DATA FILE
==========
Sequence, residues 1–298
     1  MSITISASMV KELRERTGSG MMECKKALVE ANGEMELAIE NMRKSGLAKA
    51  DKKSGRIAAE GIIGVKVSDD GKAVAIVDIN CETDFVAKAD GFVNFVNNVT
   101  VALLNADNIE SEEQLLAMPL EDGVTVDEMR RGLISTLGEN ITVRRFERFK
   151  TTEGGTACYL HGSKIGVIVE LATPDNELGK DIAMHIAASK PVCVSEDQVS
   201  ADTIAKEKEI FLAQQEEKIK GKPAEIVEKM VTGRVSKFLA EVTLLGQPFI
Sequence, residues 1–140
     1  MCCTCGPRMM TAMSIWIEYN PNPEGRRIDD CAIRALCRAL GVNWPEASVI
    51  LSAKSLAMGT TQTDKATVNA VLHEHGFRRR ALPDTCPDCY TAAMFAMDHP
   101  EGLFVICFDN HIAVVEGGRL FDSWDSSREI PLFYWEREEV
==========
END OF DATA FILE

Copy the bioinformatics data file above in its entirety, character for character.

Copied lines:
Sequence, residues 1–298
     1  MSITISASMV KELRERTGSG MMECKKALVE ANGEMELAIE NMRKSGLAKA
    51  DKKSGRIAAE GIIGVKVSDD GKAVAIVDIN CETDFVAKAD GFVNFVNNVT
   101  VALLNADNIE SEEQLLAMPL EDGVTVDEMR RGLISTLGEN ITVRRFERFK
   151  TTEGGTACYL HGSKIGVIVE LATPDNELGK DIAMHIAASK PVCVSEDQVS
   201  ADTIAKEKEI FLAQQEEKIK GKPAEIVEKM VTGRVSKFLA EVTLLGQPFI
Sequence, residues 1–140
     1  MCCTCGPRMM TAMSIWIEYN PNPEGRRIDD CAIRALCRAL GVNWPEASVI
    51  LSAKSLAMGT TQTDKATVNA VLHEHGFRRR ALPDTCPDCY TAAMFAMDHP
   101  EGLFVICFDN HIAVVEGGRL FDSWDSSREI PLFYWEREEV